CIAM and Its Outcomes

Open Access Journal | ISSN: 2183-7635

Commentary | Open Access

CIAM and Its Outcomes


  • Eric Mumford Sam Fox School of Design and Visual Arts, Washington University, USA


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Abstract:  CIAM, the Congrès Internationaux d’Architecture Moderne, founded by a coalition of European architects in 1928, was an international forum for new ideas about the urban design of housing and cities in an emerging socialist context. Its most influential concepts were the Existenzminimum, the small family housing unit affordable on a minimum wage income and the focus on CIAM 2, 1929; the design of housing settlements of such units, the focus of CIAM 3, 1930; and the Functional City, the idea that entire cities should be designed or redesigned on this basis. This article briefly explains these ideas and considers some of their subsequent outcomes.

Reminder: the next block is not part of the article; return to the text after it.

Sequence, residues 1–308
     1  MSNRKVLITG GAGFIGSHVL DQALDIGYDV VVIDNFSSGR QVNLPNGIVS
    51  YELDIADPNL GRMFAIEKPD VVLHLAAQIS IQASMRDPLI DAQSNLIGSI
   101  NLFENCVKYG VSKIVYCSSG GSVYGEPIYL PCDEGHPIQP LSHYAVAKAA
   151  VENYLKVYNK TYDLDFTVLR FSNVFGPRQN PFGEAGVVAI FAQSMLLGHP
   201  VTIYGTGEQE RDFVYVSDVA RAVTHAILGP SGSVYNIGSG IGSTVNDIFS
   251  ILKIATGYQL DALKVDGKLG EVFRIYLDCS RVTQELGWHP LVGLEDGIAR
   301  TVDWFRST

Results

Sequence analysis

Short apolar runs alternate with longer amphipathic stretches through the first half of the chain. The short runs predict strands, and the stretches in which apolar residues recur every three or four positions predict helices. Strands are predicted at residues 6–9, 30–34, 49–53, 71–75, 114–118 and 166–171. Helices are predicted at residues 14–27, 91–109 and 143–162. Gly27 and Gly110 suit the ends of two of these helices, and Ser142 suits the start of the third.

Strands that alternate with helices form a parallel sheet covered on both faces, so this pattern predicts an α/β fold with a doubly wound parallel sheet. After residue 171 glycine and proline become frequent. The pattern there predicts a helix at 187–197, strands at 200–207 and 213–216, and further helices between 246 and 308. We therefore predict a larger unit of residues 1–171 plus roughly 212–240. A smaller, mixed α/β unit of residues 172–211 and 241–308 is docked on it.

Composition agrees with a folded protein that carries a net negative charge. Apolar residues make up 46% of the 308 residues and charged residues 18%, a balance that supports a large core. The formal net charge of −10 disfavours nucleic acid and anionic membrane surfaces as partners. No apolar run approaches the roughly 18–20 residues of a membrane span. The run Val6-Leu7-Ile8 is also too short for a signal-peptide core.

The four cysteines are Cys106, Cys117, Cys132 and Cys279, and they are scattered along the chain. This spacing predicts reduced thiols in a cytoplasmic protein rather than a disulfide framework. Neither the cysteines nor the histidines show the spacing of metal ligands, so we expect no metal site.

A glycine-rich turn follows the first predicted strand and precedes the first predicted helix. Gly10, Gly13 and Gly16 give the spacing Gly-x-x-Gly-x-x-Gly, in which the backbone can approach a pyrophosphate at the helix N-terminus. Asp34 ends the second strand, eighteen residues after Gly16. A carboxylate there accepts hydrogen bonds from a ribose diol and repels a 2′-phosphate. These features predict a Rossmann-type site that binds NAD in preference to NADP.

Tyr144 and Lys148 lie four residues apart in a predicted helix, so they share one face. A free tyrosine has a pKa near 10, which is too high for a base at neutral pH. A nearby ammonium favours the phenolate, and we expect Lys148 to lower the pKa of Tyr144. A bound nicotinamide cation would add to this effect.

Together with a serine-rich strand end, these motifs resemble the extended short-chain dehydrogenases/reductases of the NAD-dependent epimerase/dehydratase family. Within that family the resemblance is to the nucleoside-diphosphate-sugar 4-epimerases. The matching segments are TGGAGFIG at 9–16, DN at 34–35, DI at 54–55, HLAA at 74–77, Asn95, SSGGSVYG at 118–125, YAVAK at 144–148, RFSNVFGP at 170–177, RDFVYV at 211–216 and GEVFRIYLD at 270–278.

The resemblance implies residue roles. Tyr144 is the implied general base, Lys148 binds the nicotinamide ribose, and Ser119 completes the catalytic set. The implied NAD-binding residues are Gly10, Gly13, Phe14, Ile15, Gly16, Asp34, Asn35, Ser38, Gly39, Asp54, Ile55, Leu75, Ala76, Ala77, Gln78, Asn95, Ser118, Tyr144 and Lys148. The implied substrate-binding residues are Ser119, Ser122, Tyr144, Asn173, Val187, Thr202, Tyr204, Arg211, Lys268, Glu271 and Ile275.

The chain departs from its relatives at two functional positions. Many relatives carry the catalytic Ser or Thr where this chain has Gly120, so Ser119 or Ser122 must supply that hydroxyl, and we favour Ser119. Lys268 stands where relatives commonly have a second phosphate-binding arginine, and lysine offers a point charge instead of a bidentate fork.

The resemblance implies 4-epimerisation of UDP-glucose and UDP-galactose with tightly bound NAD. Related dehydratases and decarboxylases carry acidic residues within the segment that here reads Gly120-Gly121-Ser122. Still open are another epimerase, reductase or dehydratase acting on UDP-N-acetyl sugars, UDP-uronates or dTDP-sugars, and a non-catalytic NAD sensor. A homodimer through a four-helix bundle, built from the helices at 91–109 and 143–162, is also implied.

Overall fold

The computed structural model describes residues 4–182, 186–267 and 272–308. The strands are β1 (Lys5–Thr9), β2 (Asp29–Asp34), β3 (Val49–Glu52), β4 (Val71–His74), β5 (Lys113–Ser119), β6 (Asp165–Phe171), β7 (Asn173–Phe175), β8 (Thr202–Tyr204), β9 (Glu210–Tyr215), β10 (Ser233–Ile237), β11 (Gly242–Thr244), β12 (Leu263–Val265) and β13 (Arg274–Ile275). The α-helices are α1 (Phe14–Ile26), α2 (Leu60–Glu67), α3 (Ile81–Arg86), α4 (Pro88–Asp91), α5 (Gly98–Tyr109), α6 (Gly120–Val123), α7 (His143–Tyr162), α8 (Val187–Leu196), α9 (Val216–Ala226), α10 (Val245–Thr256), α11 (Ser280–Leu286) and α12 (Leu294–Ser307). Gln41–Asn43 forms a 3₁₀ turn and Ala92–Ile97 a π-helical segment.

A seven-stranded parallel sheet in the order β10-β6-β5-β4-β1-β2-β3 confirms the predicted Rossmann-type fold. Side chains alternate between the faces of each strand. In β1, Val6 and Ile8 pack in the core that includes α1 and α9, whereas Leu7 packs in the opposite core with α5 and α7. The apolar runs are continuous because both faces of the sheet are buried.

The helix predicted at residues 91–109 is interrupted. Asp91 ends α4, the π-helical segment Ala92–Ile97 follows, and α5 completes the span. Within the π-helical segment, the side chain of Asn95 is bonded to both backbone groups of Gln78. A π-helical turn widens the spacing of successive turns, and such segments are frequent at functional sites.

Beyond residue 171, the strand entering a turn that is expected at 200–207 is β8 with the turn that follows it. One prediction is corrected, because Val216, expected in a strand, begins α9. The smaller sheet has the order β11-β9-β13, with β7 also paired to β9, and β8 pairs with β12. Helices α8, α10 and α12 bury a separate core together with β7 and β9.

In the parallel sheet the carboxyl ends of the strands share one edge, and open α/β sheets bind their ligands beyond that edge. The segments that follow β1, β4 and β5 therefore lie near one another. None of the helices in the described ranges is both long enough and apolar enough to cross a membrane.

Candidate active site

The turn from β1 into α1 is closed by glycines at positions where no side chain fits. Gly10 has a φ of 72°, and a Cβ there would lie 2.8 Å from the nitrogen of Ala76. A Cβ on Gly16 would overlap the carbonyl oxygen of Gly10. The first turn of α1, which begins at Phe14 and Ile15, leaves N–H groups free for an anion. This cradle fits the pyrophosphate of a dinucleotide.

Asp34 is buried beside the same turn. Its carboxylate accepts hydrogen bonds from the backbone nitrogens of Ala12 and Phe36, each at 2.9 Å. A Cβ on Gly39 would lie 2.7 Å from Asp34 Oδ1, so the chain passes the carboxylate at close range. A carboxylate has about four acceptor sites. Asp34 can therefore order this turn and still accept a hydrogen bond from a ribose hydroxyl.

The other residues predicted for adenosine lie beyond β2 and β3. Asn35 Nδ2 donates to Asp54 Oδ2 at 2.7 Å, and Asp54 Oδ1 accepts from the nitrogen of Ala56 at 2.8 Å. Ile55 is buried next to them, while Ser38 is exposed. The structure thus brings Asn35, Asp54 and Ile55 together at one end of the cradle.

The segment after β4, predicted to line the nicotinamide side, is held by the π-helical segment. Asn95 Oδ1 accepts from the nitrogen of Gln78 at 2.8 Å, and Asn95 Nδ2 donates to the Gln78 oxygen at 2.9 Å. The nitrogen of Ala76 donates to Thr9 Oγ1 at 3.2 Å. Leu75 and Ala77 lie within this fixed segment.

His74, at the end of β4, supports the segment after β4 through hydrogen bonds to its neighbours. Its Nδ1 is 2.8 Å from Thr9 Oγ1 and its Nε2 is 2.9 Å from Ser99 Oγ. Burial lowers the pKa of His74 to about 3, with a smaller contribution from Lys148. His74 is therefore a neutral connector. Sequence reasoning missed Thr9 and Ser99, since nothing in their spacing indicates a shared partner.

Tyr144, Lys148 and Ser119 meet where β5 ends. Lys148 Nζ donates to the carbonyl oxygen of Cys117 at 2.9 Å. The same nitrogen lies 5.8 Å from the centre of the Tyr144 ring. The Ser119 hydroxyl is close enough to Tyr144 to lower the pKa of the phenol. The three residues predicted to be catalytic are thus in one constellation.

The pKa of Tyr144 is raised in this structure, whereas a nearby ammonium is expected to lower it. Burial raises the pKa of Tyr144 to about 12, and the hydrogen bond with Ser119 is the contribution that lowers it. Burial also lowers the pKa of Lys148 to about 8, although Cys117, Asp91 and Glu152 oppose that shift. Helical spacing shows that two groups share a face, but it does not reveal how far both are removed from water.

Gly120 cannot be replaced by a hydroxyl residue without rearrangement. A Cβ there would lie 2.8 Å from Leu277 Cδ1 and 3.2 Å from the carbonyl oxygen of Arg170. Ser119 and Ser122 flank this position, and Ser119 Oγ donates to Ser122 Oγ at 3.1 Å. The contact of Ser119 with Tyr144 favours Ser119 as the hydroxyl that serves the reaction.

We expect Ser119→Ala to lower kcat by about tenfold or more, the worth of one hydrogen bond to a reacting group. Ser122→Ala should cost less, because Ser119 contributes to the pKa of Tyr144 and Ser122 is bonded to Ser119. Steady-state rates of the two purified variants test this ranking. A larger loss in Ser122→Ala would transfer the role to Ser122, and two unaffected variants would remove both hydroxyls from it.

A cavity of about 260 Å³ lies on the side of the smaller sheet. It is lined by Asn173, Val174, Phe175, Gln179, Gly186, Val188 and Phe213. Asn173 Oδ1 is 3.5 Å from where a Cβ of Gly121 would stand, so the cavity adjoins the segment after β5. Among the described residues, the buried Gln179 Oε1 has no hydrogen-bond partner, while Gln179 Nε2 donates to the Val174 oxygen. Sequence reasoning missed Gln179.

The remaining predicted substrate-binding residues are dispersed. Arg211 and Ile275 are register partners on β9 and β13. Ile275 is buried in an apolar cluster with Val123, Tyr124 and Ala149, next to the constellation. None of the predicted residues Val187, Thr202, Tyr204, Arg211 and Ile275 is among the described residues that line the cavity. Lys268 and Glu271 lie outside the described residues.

Keywords:  CIAM; Existenzminimum; functional city; urban housing; Zeilenbau

Published:   30 September 2019


DOI: https://doi.org/10.17645/up.v4i3.2383


© Eric Mumford. This is an open access article distributed under the terms of the Creative Commons Attribution 4.0 license (http://creativecommons.org/licenses/by/4.0), which permits any use, distribution, and reproduction of the work without further permission provided the original author(s) and source are credited.